The NFL has seen quite a few careers end too soon, either by circumstance or by choice. Examples of an injury cutting a career short are Michael Irvin (spine), Sterling Sharpe (neck), Terrell Davis (knees), and Bo Jackson (hip). However, some choose to retire early by choice. Here are 5 who did so.
Sportsnaut describes Jim Brown as possibly the “single greatest offensive player in the history of professional football.” He played for the Cleveland Browns from 1957 to 1965, and led the league in rushing every year except 1962. Brown was one of the sport’s most prolific players. Asian gaming guide Expatbets in their article “Football Players Who Became Successful Hollywood Actors” detail how Brown is the only NFL player in the sport’s history to average 100 rushing yards per game. That is just one of Brown’s many impressive feats in his 9 seasons at Cleveland. He rushed for 12,312 yards, scored 106 rushing TDs, and won three league MVPS. He also helped the Browns win the 1964 NFL Championship (Brown’s ring from that historic championship, however, was allegedly stolen according to Chris Tomasson of the St. Paul Pioneer Press).
Brown retired a year later at the age of 31 (supposedly due to his film commitments). He went on to have a successful acting career, which included starring roles in hit films like The Split (1969), Shaft (1971), and Slaughter (1972). Things worked out for Brown post-NFL, but he could have played at least a couple more years.
Barry Sanders was a prolific chain mover, yet retired too early. In 10 seasons with the Detroit Lions (1989–1998), Sanders compiled 15,269 rushing yards and scored 109 total touchdowns (99 rushing and 10 receiving). He also won league MVP in 1997, when he recorded 2,053 rushing yards (making Sanders the 3rd of only 7 members in the 2,000 rushing yards club). A year later, Sanders retired at the age of 30. It came as a complete shock, as he was healthy, in his prime, and within striking distance of Walter Payton’s then all-time rushing mark of 16,726. Many speculate that the losses ultimately took a toll on Sanders, as the Lions missed the playoffs in 5 of Sanders’ 10 seasons. If not for the defeats, Sanders could have played at least a season or two more. At the very least, Sanders and the Lions seem to be on good terms, as the former RB is now the team’s ambassador.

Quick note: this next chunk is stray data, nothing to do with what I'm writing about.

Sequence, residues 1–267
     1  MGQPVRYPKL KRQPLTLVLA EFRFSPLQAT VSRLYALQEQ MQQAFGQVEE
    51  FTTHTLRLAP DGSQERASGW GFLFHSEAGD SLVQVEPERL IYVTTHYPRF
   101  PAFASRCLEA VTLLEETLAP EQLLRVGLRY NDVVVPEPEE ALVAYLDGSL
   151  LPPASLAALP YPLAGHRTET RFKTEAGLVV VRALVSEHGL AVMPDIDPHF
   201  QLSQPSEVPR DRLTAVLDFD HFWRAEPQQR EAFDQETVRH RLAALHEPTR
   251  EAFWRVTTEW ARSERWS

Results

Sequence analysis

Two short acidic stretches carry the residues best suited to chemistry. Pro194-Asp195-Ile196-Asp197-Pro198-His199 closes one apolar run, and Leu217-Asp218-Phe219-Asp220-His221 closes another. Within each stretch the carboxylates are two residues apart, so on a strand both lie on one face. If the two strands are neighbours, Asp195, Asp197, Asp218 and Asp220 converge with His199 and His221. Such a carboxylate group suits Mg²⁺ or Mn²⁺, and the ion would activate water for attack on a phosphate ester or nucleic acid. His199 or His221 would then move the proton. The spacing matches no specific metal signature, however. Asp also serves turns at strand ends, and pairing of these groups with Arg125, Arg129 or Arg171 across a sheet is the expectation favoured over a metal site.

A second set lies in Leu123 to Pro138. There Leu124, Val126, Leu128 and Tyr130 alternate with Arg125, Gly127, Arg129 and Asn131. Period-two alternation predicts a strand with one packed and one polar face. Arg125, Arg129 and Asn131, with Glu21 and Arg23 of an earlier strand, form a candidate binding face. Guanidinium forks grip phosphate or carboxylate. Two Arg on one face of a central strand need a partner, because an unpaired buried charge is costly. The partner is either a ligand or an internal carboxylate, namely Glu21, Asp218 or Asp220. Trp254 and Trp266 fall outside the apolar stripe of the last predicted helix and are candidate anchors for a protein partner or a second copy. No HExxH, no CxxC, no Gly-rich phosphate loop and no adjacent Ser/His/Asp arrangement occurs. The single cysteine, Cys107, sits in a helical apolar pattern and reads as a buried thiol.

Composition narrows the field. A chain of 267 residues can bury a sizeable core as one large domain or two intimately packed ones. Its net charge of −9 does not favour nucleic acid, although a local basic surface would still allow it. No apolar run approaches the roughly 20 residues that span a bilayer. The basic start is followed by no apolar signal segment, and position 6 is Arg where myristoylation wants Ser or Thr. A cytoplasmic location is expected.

In a case of déjà vu another in-his-prime Lion retired too early. This time it was WR Calvin Johnson. After initially being coy on why he retired at 30, Johnson finally admitted in 2017 that losing factored into his decision: “I didn’t see the chance for them to win a Super Bowl at the time, and for the work I was putting in, it wasn’t worth my time to keep on beating my head against the wall and not going anywhere.” Johnson put in the work in his 9 seasons in Detroit, finishing with 11,619 yards on 731 receptions and 83 touchdowns. Had the Lions surrounded Johnson with championship-caliber talent, he might still be playing in 2019. But Johnson seems to be enjoying life away from the gridiron, writing in The Players’ Tribune how he has been fishing, playing golf, and skiing. He also has been busy with various business and philanthropic endeavors, mostly in Michigan.
Rob Gronkowski retired when he was at the top after helping the New England Patriots win Super Bowl LIII. In 9 seasons with the Pats (2010–2018), Gronk compiled 7,861 receiving yards and 80 TD (79 receiving, 1 rushing), and won three Super Bowls (XLIX, LI, LIII). He had hinted at retirement previously, but that he followed through this year was still a shocker. He is, after all, just 30, and still one of the best tight ends in the league. There’s no doubt that he can still play a few more years. Still, Gronk seems to be genuinely at peace with his retirement. He recently opened up to CBS Boston and noted how he’s “just relaxing and chilling” for the time being.
The case of Chris Borland is a curious one. The former Wisconsin Badger had an impressive rookie season for the San Francisco 49ers in 2014. He started eight games, and recorded over 100 tackles, 2 interceptions, and 1 sack. Then he was out of the league, retiring at the age of 25. He cited health as his reason for walking away, noting how the game is “inherently dangerous.” But Borland has stayed close to the game via nonprofit organizations like Gridiron Greats and After The Impact Fund. Now 28, Borland would have been in his athletic prime; instead, he is helping NFL retirees navigate life after the NFL.
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